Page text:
A manufacturing plant has reached full capacity. The company must build a second plant—either small or large—at a nearby location. The demand is likely to be high or low. The probability of high demand is 0.8, and low demand is 0.2. If demand is low, the large plant has a present value of $5 million and the small plant, a present value of $10 million. If demand is high, the large plant pays off with a present value of $18 million, and the small plant with a present value of only $9 million (if they do nothing). However, the small plant can be expanded later if demand proves to be high for a present value of $14 million.
a. Draw a decision tree for this problem. (Note: if they build a small plant and later in the future demand turns out to be high, then they can make a second decision to either expand or do nothing).
b. What should management do to achieve the highest expected payoff?
c. If the probabilities of high and low were 0.50 each, recalculate the expected payoffs. Does this change the earlier decision?
A company is considering two different manufacturing processes for making a new product. Process #1 is less capital intensive, with fixed costs of $100,000 per year and variable costs of $70 per unit. Process #2 has fixed costs of $500,000 annually, with variable costs of $30 per unit.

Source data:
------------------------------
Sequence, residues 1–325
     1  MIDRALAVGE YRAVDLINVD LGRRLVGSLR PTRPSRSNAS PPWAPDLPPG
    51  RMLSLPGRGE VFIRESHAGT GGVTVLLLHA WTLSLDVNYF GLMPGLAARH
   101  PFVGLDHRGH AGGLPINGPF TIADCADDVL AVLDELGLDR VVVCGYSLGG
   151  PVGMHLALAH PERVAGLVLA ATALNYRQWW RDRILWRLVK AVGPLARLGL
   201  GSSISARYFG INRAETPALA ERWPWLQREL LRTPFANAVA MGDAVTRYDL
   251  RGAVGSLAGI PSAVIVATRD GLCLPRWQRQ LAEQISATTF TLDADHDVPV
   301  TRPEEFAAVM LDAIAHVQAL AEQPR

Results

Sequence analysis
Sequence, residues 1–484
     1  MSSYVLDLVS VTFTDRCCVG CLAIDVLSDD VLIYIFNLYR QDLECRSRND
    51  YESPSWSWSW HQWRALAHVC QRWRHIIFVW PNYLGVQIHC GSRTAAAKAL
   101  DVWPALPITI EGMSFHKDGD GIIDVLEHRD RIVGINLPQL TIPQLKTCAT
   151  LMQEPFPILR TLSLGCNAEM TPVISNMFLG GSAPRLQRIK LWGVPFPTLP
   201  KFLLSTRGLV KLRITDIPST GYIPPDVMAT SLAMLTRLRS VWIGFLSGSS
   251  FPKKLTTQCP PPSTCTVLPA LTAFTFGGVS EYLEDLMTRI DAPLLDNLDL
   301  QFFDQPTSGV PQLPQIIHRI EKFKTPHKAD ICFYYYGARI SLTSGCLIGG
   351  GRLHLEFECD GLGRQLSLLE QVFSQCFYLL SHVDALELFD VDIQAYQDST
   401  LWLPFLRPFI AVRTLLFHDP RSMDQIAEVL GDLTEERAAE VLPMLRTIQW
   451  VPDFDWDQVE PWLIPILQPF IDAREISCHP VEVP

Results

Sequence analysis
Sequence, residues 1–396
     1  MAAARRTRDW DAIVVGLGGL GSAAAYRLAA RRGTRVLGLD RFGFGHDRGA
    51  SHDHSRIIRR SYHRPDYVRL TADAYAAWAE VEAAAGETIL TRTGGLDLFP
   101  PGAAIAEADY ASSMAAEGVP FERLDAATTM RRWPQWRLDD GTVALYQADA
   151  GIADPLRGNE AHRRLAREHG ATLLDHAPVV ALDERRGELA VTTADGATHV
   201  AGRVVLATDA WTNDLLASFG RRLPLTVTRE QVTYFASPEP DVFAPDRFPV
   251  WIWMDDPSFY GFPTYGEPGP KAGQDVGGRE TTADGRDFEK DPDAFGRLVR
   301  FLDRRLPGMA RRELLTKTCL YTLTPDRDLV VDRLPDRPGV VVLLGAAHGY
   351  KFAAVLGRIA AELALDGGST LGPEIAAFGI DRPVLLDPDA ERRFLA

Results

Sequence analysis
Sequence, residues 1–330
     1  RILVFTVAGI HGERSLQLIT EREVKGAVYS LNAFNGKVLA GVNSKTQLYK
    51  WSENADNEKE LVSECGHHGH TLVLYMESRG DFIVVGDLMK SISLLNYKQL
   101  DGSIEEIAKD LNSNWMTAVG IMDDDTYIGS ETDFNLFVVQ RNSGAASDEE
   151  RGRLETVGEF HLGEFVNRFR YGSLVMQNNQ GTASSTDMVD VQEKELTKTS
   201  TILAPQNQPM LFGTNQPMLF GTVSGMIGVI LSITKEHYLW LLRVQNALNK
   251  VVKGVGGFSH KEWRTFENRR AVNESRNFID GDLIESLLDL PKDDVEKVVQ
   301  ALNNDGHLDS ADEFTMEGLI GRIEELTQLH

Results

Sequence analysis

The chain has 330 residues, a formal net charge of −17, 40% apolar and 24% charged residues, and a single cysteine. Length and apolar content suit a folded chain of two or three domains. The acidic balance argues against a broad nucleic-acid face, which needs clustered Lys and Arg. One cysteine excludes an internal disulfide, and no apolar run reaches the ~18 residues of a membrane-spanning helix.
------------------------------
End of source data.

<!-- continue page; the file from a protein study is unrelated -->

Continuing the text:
- What is the break-even quantity for the two processes?
- If expected demand was estimated to be 8,500 should you select the first process or the second process?
- Operations and Engineering have found a way to reduce the cost of the second process, such that the fixed costs for this process decrease from $500,000 to $400,000 annually. All other costs remain the same (1st process fixed = $100,000/year, 1st process variable = $70/unit, 2nd process variable = $30/unit). What is the new break-even quantity between the two processes? Does this change your decision in part b above?
From the power points of chapter 6 (Constraint Management), solve Application 1 and 2 again using the changed data below. Solve using the Bottleneck-based approach directly.
Refer to the Solved Problem 2 in your textbook, (or presentation slides), and resolve it again using the changed data below (D is now 70).
A company is setting up an assembly line to produce 192 units per 8-hour shift. The following table identifies the work elements, times, and immediate predecessors:
|Work Element||Time (sec)||Immediate Predecessor(s)|
|C||30||D, E, F|
a. What is the desired cycle time (in seconds)?
b. What is the theoretical minimum number of stations?
c. Use the longest task time approach to allocate tasks to work stations and show your solution on the table below.
d. What is the efficiency and balance delay of the solution found?
e. If the company wants to produce more units, which work station do you think will be limiting it from future production increases (bottleneck)? (look at the idle time of each workstation)
|Station||Candidate(s)||Choice||Work-Element Time (sec)||Cumulative Time (sec)||Idle Time|
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